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The Ladd Carriage house, built in 1883, served William Ladd, the city's 4th mayor who also became the wealthiest businessman in the Pacific Northwest by the 1880s. Ladd donated much of his wealth to charity. After becoming paralyzed in 1876, his horses and carriages was of the utmost importance to Ladd and his attention to their well-being are evident in the design of this carriage house. The building is all that remains from the expansive Ladd estate, which included a large (now demolished) mansion across the street from the carriage house.

Constructed in the 1880s, this carriage house is all that remains from the Ladd estate.

Constructed in the 1880s, this carriage house is all that remains from the Ladd estate.
The carriage house stands as a reminder of Portland's early history as it transitioned from frontier town to a modern city, of which the carriage house's owner, William Ladd, served as its 5th (and youngest) mayor from 1854-55, and for another six months as temporary mayor in 1859. Like numerous people who made their fortunes in Portland in the late 19th century, the story begins with a journey from the east to San Francisco as part of the gold rush. Once that dream of finding gold failed to materialize, the Portland potential lured Ladd, as it did many, to Portland.  

Ladd arrived in Portland with little money, but upon selling a box of liquor -- for $2,000 -- he had previously procured, he was able to open a general store, serving a need for a town boasting of less than 850 people and had only been given its charter from the territorial board three months prior -- but  town growth seemed imminent. Those meager beginnings led to numerous other business ventures that speak volumes about Portland's early history; he invested in such industries as lumber, railroads, mills, steamships, and  telegraphs.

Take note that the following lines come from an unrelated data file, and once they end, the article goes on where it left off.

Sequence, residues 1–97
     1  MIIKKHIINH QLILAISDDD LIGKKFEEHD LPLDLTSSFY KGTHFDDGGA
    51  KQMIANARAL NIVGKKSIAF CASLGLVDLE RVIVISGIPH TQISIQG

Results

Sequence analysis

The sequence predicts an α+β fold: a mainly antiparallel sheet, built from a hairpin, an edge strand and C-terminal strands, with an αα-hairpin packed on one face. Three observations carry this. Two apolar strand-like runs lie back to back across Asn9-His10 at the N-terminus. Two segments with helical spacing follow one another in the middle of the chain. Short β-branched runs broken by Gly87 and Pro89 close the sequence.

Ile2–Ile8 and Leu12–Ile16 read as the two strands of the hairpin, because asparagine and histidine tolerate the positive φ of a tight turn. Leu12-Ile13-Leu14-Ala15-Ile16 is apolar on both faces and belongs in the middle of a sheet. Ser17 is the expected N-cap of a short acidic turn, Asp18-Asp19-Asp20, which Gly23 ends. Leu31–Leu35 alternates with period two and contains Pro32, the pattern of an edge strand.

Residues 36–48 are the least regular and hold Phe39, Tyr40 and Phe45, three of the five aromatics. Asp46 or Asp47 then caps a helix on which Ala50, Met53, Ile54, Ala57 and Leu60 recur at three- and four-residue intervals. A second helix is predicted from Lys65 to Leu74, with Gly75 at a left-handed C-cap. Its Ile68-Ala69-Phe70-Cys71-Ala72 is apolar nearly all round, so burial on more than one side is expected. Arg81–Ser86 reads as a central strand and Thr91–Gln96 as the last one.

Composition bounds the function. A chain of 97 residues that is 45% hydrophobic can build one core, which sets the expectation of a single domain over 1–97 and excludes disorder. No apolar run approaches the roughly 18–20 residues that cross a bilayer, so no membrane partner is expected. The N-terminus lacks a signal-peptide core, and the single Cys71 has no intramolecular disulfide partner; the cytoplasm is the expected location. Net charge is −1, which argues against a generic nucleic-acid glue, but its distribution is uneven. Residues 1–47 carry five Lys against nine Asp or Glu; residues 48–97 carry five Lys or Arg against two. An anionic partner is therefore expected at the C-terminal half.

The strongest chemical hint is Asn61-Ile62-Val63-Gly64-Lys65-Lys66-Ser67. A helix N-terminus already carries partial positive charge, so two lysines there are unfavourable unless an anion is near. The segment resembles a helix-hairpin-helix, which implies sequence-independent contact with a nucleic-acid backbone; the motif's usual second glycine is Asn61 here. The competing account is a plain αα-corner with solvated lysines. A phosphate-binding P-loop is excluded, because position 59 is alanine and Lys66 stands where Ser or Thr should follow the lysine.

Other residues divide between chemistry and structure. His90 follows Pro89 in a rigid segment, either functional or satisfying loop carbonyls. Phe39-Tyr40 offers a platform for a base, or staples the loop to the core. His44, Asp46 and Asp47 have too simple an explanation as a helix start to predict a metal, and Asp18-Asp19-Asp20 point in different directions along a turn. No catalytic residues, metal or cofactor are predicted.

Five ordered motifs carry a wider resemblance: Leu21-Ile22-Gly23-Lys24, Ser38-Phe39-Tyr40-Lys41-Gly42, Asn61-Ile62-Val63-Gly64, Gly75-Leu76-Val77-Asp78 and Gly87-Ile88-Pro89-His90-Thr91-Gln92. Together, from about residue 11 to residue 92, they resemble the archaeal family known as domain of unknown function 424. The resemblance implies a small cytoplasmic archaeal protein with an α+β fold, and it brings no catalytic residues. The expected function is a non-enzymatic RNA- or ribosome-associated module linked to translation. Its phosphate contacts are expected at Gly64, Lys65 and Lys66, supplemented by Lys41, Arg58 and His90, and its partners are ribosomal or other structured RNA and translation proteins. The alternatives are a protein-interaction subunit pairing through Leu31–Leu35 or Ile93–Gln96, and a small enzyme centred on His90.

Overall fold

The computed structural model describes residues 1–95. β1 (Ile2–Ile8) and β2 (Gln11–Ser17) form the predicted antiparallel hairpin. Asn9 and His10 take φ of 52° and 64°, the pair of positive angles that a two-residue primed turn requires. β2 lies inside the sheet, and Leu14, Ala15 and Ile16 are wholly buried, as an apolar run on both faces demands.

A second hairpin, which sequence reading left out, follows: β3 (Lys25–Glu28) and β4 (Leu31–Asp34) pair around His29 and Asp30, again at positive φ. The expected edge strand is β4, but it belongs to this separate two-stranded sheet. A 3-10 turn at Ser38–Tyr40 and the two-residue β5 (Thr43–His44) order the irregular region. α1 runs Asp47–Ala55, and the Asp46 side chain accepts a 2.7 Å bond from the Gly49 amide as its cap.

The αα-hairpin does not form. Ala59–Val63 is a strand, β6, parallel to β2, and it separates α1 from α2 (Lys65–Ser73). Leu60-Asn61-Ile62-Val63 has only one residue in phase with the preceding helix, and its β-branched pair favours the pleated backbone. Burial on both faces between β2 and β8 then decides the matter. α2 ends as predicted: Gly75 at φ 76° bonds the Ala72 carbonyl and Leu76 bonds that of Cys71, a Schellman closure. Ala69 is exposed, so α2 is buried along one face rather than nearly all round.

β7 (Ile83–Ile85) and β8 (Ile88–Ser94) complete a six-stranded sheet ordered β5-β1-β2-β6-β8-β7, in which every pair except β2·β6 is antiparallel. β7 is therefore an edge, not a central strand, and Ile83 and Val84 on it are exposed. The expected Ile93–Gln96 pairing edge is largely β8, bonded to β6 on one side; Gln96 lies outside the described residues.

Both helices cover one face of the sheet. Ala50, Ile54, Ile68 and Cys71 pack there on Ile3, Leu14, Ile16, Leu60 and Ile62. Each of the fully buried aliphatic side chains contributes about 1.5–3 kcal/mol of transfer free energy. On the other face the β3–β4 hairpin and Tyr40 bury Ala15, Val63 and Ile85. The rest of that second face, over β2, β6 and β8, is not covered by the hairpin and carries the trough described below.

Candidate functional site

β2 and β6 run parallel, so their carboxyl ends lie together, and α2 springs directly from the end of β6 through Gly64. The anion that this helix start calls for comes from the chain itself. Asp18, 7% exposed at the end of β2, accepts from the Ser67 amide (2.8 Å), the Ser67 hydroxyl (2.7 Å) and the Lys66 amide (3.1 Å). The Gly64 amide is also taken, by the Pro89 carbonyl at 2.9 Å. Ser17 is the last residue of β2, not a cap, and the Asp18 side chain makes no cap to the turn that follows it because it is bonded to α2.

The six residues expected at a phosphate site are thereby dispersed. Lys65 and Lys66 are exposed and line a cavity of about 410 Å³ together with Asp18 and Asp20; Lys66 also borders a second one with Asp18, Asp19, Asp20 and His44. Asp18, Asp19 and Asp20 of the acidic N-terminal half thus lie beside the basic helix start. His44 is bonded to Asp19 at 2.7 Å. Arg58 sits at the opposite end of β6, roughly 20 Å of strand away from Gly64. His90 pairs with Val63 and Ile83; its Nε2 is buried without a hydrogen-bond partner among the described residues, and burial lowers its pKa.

Ladd was the founder of the Oregon Iron Works and Oregon Central Railroad Company. He was also the leading spirit and investor behind the Oregon Telegraph Company and the Portland Hotel. Ladd also donated much of his money, considering charity as a tithing and following the Old Testament ideals of tithing one-tenth of his income. He also served as a leader towards founding the  Library Association of Portland, including donating the land necessary to build it. Moreover, he helped the town develop the River View Cemetery, as well as the Portland Water Commission, which helped residents enjoy clean water, a necessity for any growing town in the 19th century (and today, obviously). 

By the late 1870s, after serving as the town's mayor and amassing a fortune, he succumb to paralysis. Already a lover of animals, he suddenly found himself in need of them to move around town. With his great wealth, he commissioned builders to construct a lavish carriage house that became an integral part of his large estate 

Ladd's death in 1893 led to a slow erosion of his estate as parts of it were sold off, demolished, and/or repurposed. While his mansion was mansion was demolished, the carriage house was left vacant and fell into disrepair. It was scheduled for demolition in 2007 to make room for the construction of new apartment buildings. Preservationists sprung into action to save the historic building, renovating the structure and seeking a plan for its future usefulness. 
"A Bit of History." Raven and Rose. Accessed June 04, 2017.

Jewel Lansing. "William S. Ladd (1826-1893)." The Oregon Encyclopedia. Accessed June 04, 2017.

Oregon State Historic Preservation Office. "Nomination Form: Statement of Significance." National Register of HIstoric Places. Published January, 07, 2010..